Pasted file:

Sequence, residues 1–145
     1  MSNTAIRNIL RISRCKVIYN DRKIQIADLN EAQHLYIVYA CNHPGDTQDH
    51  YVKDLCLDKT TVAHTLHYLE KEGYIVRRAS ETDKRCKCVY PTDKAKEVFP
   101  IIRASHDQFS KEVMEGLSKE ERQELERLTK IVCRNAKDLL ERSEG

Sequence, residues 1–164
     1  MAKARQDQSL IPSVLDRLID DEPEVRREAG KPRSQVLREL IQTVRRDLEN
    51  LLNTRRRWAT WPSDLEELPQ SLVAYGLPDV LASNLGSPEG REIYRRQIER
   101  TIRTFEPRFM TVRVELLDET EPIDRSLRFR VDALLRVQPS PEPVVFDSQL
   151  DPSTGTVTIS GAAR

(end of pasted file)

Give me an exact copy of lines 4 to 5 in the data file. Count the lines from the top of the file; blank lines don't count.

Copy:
   101  IIRASHDQFS KEVMEGLSKE ERQELERLTK IVCRNAKDLL ERSEG

Sequence, residues 1–164